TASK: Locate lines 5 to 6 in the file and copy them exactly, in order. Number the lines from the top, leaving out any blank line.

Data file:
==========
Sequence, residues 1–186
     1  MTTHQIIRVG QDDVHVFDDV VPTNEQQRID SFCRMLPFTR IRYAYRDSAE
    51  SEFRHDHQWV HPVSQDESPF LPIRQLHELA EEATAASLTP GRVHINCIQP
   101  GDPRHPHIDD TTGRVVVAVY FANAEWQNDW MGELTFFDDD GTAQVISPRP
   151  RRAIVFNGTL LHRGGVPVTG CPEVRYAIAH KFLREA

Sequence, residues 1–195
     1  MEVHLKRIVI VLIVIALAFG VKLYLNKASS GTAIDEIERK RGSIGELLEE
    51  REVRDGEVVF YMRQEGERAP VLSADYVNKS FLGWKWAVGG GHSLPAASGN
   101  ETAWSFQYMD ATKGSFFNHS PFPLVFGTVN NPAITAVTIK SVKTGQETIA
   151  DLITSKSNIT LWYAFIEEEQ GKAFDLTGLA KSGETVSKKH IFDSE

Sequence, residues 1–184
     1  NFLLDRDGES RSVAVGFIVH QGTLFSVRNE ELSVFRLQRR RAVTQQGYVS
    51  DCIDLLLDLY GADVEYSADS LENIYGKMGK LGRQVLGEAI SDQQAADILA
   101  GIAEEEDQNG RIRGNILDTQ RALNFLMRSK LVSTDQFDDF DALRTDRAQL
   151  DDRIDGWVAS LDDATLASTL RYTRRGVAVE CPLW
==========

   151  RRAIVFNGTL LHRGGVPVTG CPEVRYAIAH KFLREA

Sequence, residues 1–195